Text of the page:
The response was an Amazon purchasing frenzy. In coming days some neoprene gloves, a vest pair of socks and a hat arrived at my door and I purchased proper trail running trainers. A pair of running tights, long sleeve compression top and breathable sports t-shirt were quickly added to complete my new wardrobe.  As I began to train in my new outfit. I was amazed at just how well the neoprene gloves and socks responded to the wintry conditions. All good news, although I did now look slightly like a running deep sea diver :-)

With the last few training sessions under the belt, me and fellow ‘Team TG’ members Darren and Ray were our way to Wolverhampton. We’d decided to drive up the evening before and stay overnight in a hotel which proved a great idea. We weren’t going to be confronted with any sudden travel problems and the choice left us free to relax on the eve and morning before. Our long-suffering partners were also going to be coming along with us, their support both welcome and highly valued.

After a huge breakfast, on route to the site I remember experiencing

‘Conflicting feelings of fear and confidence’

A glance at the weather forecast helped cool anxiety. It was cold and going to rain first thing, but we weren’t going to be experiencing any sub-zero temperatures. 

Arriving on site the setup was rustic with wooden huts, and a huge barn. An initial walk past a St Johns ambulance vehicle was a chilling reminder of the realities of the situation. There might be pain, there could be blood! There were to be 4500 competitors with a further army of supporters and course organisers taking on-site numbers up to nearing 10000. The place had a festival-like feel, a hum of anticipation and buzz in the air. Here’s a ‘live’ video I shot at the scene that captures the emotion:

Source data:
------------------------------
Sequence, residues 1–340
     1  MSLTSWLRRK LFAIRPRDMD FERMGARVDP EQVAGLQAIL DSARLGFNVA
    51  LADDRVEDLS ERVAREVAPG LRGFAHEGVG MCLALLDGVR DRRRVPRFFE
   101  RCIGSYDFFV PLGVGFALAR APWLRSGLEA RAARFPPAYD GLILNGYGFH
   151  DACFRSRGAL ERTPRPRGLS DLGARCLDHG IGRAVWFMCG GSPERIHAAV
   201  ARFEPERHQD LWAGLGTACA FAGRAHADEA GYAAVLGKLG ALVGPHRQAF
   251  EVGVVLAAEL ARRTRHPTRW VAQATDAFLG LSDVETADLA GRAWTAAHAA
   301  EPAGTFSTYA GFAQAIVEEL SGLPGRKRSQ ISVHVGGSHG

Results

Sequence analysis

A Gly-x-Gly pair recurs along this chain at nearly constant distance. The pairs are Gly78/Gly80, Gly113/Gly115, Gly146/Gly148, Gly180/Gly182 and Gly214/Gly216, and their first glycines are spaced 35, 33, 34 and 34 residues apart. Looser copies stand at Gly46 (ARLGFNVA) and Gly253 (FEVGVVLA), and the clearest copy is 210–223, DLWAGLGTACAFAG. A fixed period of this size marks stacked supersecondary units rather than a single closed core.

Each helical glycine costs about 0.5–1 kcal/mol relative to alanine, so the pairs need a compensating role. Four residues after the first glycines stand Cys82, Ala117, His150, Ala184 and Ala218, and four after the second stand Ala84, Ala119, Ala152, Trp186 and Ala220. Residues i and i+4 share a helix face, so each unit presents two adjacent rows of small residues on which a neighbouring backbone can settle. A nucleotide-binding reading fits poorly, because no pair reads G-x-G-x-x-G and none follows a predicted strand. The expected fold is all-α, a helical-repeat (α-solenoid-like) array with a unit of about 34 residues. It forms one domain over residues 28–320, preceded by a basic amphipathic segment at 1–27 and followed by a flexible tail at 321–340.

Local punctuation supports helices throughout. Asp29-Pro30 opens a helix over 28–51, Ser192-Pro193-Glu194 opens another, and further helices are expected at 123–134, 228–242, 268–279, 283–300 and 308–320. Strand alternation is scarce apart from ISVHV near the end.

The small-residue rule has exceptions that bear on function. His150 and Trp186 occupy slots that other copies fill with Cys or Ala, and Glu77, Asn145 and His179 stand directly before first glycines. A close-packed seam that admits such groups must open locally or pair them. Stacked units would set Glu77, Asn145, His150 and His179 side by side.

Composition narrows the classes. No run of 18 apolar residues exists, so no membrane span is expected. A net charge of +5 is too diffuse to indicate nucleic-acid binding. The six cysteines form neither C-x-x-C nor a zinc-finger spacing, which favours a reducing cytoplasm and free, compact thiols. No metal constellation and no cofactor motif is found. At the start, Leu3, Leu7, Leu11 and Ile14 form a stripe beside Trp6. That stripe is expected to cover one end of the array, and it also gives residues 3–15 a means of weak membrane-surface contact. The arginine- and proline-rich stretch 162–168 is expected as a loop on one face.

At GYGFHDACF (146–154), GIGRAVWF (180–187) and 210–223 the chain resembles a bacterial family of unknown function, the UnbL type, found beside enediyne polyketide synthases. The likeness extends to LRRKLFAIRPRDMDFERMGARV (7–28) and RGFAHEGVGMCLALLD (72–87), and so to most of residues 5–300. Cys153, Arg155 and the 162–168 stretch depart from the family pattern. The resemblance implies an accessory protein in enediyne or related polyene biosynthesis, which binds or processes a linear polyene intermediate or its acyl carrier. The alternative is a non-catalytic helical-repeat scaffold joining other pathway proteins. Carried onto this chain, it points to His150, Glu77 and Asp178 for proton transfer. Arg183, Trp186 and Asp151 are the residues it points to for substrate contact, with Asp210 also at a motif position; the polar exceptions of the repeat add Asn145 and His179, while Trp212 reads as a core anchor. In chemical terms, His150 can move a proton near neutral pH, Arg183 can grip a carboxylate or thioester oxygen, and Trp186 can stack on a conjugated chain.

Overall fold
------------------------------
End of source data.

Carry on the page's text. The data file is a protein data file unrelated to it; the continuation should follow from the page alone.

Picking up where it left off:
We were to be starting near the back which meant we got to stand with our nerves a little longer. Shuffling towards the start line felt like moving toward going over the top (except of course without the guns) a truly mental experience - anticipation, anxiousness, and endorphins all firing at once. A flavor of what it must have been like to go into battle. I say a flavor, as I do remember sharing a joke with a gentleman dressed as a woman with a short skirt and long pink pig tails - I’d spent my outfit money on weather combating lycra, he’d clearly chosen to focus more on 'the look'. 

A few minutes later after a slow trudge up the hill we were there, the start line. Things all suddenly happened rather quickly - after a countdown, the cannon fired and we were off. After a bum slide down a grassless hill, we were up and into a light jog, the cheer of supporters helping us on our way. After all of the build-up, it felt good to finally be underway. 

*Note - If you missed it there is a video of the start of the race taken by one of our partners at the beginning of the article.